I've asked this question at MathOverflow and was told it'd be better suited for here.

In Paul A. Clement's (1959) paper,

A Class of Triple-Diagonal Matrices for Test Purposes, SIAM Review, Vol. 1, No. 1 (Jan., 1959), pp. 50-52

He makes the claim that the eigenvalues of:

$ \begin{pmatrix} 0 & y_{1} & 0 & ... & 0 \\\ x_{1} & 0 & y_{2} & & ... \\\ 0 & x_{2} & 0 & ... & 0 \\\ ... & & ... & & y_{n} \\\ 0 & ... & 0 & x_{n} & 0 \end{pmatrix} $

are $\pm (n), \pm (n-2), ..., (\pm1 \; or \; 0)$ for $x_{k} = k$ and $y_{k} = n-k+1$.

Specifically, and I quote, "then a theorem of Sylvester establishes that the eigenvalues of this An+, are the numbers".

I can't for the life of me figure out what theorem and/or how it follows from them. I am familiar with Sylvester's formula for matrices in terms of their eigenvalues, but to get Frobenius covariants of a matrix A one needs to know the eigenvalues to start with.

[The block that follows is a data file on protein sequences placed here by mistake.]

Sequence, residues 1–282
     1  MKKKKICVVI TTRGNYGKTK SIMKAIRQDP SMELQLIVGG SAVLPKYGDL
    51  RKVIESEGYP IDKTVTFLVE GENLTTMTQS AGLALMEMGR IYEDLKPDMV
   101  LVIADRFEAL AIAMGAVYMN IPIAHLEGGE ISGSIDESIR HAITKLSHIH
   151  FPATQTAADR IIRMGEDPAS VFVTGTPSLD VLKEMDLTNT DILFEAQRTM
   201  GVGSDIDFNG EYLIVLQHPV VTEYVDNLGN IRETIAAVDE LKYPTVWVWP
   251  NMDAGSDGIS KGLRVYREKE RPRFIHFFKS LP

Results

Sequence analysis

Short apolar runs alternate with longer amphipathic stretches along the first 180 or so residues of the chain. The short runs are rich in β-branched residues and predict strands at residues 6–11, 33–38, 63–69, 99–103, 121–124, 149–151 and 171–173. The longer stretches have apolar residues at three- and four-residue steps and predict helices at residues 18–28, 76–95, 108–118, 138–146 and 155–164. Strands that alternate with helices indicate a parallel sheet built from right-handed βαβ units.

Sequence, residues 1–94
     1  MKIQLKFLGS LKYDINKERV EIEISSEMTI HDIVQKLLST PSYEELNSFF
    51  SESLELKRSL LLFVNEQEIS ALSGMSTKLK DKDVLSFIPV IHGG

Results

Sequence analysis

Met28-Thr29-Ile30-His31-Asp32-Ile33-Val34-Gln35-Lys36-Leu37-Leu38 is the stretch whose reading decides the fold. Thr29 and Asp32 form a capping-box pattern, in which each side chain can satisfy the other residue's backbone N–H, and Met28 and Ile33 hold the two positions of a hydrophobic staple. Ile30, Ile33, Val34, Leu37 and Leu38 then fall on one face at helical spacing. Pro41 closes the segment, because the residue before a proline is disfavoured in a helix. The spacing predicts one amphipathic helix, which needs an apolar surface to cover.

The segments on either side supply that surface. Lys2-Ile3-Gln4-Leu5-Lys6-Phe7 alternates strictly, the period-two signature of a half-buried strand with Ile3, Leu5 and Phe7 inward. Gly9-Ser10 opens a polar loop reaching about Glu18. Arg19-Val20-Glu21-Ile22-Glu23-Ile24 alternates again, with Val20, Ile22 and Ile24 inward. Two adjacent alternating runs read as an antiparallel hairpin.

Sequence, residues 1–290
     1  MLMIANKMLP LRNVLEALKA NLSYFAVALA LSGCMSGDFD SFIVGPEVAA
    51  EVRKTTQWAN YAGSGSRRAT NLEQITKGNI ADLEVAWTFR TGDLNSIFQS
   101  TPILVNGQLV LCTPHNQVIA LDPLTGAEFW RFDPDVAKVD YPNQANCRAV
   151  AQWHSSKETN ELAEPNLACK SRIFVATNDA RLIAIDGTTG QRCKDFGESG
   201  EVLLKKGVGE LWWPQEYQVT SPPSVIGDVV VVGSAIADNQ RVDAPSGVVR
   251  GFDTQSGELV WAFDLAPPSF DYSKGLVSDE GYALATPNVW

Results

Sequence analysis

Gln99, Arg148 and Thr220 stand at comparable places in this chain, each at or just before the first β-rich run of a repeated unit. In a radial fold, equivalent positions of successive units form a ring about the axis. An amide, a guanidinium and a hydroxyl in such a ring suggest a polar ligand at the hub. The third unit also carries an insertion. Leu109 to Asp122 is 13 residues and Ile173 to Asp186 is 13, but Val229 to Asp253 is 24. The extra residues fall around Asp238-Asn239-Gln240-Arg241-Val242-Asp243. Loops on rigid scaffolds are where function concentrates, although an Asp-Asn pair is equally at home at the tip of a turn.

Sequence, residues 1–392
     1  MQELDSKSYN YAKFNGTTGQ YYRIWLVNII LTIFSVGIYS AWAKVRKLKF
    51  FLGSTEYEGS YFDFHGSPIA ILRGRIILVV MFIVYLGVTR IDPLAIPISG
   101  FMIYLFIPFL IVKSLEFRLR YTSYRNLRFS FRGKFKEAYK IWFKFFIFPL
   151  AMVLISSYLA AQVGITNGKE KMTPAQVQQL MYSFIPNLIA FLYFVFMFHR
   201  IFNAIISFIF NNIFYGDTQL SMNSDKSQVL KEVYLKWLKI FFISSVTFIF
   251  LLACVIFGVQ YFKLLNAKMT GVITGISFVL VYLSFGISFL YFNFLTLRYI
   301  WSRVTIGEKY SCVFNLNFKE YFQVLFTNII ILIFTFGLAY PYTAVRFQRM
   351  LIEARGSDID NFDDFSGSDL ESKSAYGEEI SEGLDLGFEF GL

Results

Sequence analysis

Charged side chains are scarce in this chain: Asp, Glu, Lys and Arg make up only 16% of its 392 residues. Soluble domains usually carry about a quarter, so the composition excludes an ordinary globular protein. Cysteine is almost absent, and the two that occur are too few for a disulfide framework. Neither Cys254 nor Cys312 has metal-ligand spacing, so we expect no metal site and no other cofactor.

Am I overlooking something trivial here?

  • 1
    $\begingroup$ There is a typo: your matrix should be of order $n+1$ instead of $n$, i.e. the last index for $x_i$ or $y_i$ is $n$, not $n-1$. For an alternative proof, see my answer in another thread. $\endgroup$ – user1551 May 29 '13 at 12:36
  • $\begingroup$ Fixed it, thanks! $\endgroup$ – FlamingWilderbeest May 29 '13 at 12:44
  • $\begingroup$ In short: Sylvester in fact devoted an entire note to these matrices, and proved a theorem on the eigenvalues. See the papers I linked to in my answer. $\endgroup$ – J. M. is a poor mathematician May 29 '13 at 18:36

A better discussion of the (Clement-)Kac(-Sylvester) tridiagonal matrices would be in this paper and this paper; there are a few slick (I could not have come up with them, I'll admit) proofs that the eigenvalues of these matrices are those particular integers.


EDIT: OP has changed the question, so what follows is no longer relevant, and can safely be ignored.

If $n=3$, the matrix is $$\pmatrix{0&3&0\cr1&0&2\cr0&2&0\cr}$$ which has characteristic polynomial $t^3-7t$ and eigenvalues $\pm\sqrt7$ and $0$, so something is wrong.


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